November 06, 2019

In pursuit of the perfect employee experience: Why it doesn’t mean what you think it does

Work-life balance is a concept of the past. Employees no longer treat the workplace as a separate part of their existence, something to be forgotten promptly at five o’clock. The changing ethos calls for a focus on employee experience — an idea that deserves to be better understood. 

Employers tend to go down one of two extreme paths when it comes to employee experience. Either they live by the old notion that employees should just be grateful to have work and look elsewhere for that elusive “happiness,” or they jump on one trend after another, offering frivolous perks (beer on tap, anyone?) in the hope of earning employee loyalty. 

Of course, neither extreme leads to the retention and productivity People leaders seek to foster. So what does?

What is the employee experience? 

Everything. The employee experience is everything, from recruitment to the exit interview. Onboarding gets a lot of attention and resources, but pivotal moments in the employee lifecycle happen every day.

“Employee experience” means taking a holistic approach. Gallup identified seven stages in an employee lifecycle and the role each plays in building an experience. From the moment someone applies until they exit, every conversation, tool, project, and person they come into contact with is part of their employee experience. It all adds up to how they feel about your team and your company — and whether they think they could have a better experience elsewhere. 

What it isn’t 

One size doesn’t fit all. Employees are human—they each have their own unique needs and journeys. What works for some employees won’t work for others. Craft an experience in which employees can individually self-select into the benefits and opportunities that best suit them.

Don’t add perks for perks’ sake. Perks are great, but they don’t provide substance. They sound appealing in your employer branding and might drive some applications, but if your nap pods and ping-pong table sit amidst a toxic culture, they won’t support retention.

“Fun” is not a panacea. Fun is subjective, and actively fostering a “fun” workplace can come at the expense of professional boundaries, leaving staff feeling vulnerable, offended, or just annoyed. When the employee experience is framed in terms of “happiness,” companies risk creating an uncomfortable environment of distraction and “mandatory” socialization.

Why improving the employee experience matters 

You want to keep them. You spend a lot on recruiting and onboarding staff. You provide costly benefits, cover ongoing training, and promote people as they grow. Replacing employees is expensive and time-consuming. Building a culture where employees feel valued encourages them to stick with you.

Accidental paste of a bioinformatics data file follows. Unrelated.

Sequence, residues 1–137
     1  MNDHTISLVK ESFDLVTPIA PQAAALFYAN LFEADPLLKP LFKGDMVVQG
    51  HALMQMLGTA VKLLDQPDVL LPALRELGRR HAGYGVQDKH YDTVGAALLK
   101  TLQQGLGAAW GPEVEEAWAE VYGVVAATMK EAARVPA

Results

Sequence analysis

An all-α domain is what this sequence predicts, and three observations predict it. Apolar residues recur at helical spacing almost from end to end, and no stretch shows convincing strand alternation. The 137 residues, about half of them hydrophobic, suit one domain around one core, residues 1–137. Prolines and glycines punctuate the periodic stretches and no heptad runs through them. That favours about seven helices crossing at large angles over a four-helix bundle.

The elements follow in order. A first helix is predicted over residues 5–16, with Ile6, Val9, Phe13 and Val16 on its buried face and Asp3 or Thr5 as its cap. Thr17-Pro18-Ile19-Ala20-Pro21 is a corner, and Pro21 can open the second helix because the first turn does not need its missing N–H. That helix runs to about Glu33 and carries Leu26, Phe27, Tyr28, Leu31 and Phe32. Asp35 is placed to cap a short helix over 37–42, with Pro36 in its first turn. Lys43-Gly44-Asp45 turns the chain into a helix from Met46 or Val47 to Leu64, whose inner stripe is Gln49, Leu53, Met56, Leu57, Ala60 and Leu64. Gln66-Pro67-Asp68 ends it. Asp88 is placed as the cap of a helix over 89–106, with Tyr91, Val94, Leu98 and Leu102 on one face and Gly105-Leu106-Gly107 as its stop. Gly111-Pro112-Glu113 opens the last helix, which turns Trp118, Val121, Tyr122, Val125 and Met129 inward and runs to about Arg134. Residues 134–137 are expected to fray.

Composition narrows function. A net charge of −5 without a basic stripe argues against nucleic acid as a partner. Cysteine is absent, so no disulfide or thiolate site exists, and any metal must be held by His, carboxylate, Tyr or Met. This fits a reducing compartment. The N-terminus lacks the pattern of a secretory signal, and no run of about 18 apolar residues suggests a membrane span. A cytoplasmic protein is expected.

You want them to succeed. New hires are expected to hit a home run within the first 90 days. Their knowledge and skills are a large part of this. You hired them because they can provide value to your organization. But they need a positive, encouraging environment where they have room to learn, grow, and achieve. 

From the moment someone applies until they exit, every conversation, tool, project, and person they come into contact with is part of their employee experience.

How to build an effective employee experience 

Believe you can do it 

59% of executives don’t feel equipped to improve their employee experience. That’s understandable; it’s a big endeavor. But some effort is better than no effort. Instead of giving in to feeling overwhelmed, focus on making small changes until you’ve created an experience that matches your company values and makes working there truly enjoyable. 

Start somewhere: Five employee experience tactics to try 

  1. Map the journey. Sit down and work through each milestone your employees hit, from applying to exiting. This exercise will help you identify opportunities for improvement and see what you’re doing well already.
  2. Recognize consistently. Employees want to know their hard work is noticed. Building in moments for intentional celebrations creates a positive office culture that encourages more people to excel at their jobs. 
  3. Invite feedback. Find venues for feedback that feel safe for your staff, including a mix of anonymous and public forums to suit different employee needs. When people feel safe, they’re more likely to be real. You’ll gain valuable insight and show your employees how much you respect their opinions. 
  4. Set expectations. Change takes time. Keeping your staff up-to-date on your plans creates a positive atmosphere even before you can implement the changes. 
  5. Be honest. Creating a company culture that works for everyone requires some trial-and-error. Speaking openly with your team shows your dedication to getting it right.

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